with heap tuples, which isn't great. I've introduced a new concept, a
'IndexFetchTableData' scan. It's initialized when building an index
scan, and provides the necessary state (say current heap buffer), to
do table lookups from within a heap.

- The am of relations required for bootstrapping was set to 0 - I don't
think that's a good idea. I changed it so it's set to the heap AM as
well.

- HOT was encoded in the API in a bunch of places. That doesn't look
right to me. I tried to improve a bit on that, but I'm not yet quite
sure I like it. Needs written explanation & arguments...

- the heap tableam did a heap_copytuple() nearly everywhere. Leading to
a higher memory usage, because the resulting tuples weren't freed or
anything. There might be a reason for doing such a change - we've
certainly discussed that before - but I'm *vehemently* against doing
that at the same time we introduce pluggable storage. Analyzing the
performance effects will be hard enough without changes like this.

- I've for now backed out the heap rewrite changes, partially. Mostly
because I didn't like the way the abstraction looks, but haven't quite
figured out how it should look like.

- I did not like that speculative tokens were moved to slots. There's
really no reason for them to live outside parameters to tableam.h
functsions.

- lotsa additional smaller changes.

- lotsa new bugs

My current working state is at [3] (urls to clone repo are at [4]).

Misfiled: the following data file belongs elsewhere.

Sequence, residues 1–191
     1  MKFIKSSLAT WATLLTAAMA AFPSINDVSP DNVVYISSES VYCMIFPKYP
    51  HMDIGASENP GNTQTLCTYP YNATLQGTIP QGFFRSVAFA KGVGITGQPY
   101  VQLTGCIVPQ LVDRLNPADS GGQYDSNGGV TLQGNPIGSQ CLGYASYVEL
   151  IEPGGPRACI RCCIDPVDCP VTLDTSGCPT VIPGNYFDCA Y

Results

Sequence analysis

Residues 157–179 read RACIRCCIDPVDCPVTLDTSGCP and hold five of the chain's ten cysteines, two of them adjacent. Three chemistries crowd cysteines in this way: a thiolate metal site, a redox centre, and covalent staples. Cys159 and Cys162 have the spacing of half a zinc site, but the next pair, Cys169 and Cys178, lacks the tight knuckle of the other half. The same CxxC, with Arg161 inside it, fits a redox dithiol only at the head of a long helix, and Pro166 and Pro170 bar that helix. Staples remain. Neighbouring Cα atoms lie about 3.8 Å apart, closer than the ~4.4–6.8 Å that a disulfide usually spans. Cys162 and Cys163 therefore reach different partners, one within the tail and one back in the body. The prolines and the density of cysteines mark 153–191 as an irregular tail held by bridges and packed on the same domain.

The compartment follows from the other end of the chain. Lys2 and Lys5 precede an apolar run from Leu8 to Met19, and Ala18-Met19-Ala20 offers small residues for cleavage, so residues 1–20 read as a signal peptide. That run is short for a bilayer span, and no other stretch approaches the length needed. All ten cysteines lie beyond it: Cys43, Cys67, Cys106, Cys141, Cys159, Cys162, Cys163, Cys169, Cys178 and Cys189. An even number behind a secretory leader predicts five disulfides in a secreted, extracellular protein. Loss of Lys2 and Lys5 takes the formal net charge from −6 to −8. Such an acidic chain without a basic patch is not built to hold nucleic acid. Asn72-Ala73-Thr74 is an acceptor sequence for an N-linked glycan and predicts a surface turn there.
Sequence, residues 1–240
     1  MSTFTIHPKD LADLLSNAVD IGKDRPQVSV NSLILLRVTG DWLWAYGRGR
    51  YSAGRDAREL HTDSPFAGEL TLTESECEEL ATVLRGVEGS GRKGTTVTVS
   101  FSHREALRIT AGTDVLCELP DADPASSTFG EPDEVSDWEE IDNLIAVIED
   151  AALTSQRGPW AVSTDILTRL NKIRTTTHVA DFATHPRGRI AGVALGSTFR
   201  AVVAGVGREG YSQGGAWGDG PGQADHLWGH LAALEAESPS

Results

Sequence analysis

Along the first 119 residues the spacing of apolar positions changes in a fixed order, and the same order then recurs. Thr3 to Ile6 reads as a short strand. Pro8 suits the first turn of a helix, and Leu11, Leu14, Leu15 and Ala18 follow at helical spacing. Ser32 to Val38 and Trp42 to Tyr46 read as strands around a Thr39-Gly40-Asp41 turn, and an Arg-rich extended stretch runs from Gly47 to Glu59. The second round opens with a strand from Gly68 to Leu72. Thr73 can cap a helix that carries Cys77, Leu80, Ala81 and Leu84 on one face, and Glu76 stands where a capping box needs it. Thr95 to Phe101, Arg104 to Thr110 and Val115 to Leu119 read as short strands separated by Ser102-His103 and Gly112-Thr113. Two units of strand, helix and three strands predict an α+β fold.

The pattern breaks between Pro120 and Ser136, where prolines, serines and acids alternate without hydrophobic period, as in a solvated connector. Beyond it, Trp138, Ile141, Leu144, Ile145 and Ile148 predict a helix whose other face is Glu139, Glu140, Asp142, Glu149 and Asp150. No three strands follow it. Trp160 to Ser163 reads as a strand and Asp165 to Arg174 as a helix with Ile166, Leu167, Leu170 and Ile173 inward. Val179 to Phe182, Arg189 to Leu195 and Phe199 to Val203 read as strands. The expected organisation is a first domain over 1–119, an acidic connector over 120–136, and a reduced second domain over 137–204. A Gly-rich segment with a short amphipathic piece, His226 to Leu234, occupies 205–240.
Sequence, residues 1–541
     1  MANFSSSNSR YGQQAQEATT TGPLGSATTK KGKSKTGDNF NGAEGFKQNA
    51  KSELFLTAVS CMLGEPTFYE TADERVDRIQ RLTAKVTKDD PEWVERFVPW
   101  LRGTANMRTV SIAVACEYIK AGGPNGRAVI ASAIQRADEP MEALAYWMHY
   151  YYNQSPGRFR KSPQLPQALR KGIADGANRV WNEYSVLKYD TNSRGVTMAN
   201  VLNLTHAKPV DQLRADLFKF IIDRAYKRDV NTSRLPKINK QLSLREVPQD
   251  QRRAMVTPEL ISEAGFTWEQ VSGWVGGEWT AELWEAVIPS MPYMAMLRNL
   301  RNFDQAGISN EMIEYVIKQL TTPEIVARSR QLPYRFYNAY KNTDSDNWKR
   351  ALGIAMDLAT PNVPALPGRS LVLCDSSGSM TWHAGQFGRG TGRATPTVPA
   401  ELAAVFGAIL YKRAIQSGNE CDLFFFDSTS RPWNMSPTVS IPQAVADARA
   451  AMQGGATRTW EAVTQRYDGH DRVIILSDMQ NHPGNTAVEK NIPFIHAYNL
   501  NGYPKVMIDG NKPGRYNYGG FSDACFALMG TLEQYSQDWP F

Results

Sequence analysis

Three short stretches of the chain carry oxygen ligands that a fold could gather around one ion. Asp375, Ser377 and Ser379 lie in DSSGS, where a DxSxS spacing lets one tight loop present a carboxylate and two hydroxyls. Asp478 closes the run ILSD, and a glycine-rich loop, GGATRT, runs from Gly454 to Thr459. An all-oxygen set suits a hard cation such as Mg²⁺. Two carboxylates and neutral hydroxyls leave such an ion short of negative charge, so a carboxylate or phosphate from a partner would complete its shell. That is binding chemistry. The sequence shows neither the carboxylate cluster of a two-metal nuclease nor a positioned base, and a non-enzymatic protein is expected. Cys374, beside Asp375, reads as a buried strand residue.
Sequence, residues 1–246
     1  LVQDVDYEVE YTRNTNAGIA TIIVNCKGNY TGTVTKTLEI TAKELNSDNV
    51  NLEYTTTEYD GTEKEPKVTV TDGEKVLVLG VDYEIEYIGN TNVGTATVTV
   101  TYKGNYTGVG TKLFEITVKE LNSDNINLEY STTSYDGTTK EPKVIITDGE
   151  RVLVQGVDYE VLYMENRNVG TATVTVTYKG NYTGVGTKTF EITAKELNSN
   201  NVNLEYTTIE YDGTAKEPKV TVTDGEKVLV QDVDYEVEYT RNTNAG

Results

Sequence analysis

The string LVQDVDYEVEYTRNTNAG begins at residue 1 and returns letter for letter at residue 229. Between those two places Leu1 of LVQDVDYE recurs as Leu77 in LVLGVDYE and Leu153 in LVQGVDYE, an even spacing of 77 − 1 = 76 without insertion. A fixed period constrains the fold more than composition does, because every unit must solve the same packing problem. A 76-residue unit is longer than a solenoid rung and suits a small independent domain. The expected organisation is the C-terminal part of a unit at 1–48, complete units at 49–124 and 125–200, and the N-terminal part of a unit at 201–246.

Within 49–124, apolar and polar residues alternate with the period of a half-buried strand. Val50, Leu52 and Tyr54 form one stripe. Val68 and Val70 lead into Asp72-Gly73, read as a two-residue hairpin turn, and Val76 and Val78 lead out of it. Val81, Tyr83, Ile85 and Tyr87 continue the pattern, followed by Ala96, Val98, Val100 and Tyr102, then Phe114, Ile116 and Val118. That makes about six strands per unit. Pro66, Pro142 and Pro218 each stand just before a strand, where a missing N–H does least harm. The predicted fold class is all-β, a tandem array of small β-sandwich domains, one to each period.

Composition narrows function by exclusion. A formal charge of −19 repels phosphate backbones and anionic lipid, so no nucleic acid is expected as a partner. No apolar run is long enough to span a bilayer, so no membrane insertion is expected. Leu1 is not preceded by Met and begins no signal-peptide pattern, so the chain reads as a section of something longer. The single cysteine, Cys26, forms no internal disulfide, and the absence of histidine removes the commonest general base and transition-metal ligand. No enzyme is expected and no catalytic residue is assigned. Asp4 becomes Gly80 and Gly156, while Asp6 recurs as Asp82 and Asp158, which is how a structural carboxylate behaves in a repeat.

This is *HEAVILY WIP*. I plan to continue working on it over the next
days, but I'll temporarily focus onto v11 work. If others want I could
move repo to github and grant others write access.

I think the patchseries should eventually look like:

- move vacuumlazy.c (and other similar files) into access/heap, there's
really nothing generic here. This is a fairly independent task.
- slot'ify FDW RefetchForeignRow_function
- vtable based slot API, based on [1]
- slot'ify trigger API
- redo EPQ based on slots (prototyped in my git tree)
- redo trigger API to be slot based
- tuple traversal API changes
- tableam infrastructure, with error if a non-builtin AM is chosen
- move heap and calling code to be tableam based
- make vacuum callback based (not vacuum.c, just vacuumlazy.c)
- [other patches]
- allow other AMs
- introduce test AM

Tasks / Questions:

- split up patch
- Change heap table AM to not allocate handler function for each table,
instead allocate it statically. Avoids a significant amount of data
duplication, and allows for a few more compiler optimizations.
- Merge tableam.h and tableamapi.h and make most tableam.c functions
small inline functions. Having one-line tableam.c wrappers makes this
more expensive than necessary. We'll have a big enough trouble not
regressing performancewise.
- change scan level slot creation to use tableam function for doing so
- get rid of slot->tts_tid, tts_tupleOid and potentially tts_tableOid
- COPY's multi_insert path should probably deal with a bunch of slots,
rather than forming HeapTuples
- bitmap index scans probably need a new tableam.h callback, abstracting
bitgetpage()
- suspect IndexBuildHeapScan might need to move into the tableam.h API -
it's not clear to me that it's realistically possible to this in a
generic manner.

Greetings,

Andres Freund

[1] http://archives.postgresql.org/message-id/20180220224318.gw4oe5jadhpmcdnm%40alap3.anarazel.de
[2] http://archives.postgresql.org/message-id/CAJrrPGcN5A4jH0PJ-s=6k3+SLA4pozC4HHRdmvU1ZBuA20TE-A@mail.gmail.com
[3] https://git.postgresql.org/gitweb/?p=users/andresfreund/postgres.git;a=shortlog;h=refs/heads/pluggable-storage
[4] https://git.postgresql.org/gitweb/?p=users/andresfreund/postgres.git;a=summary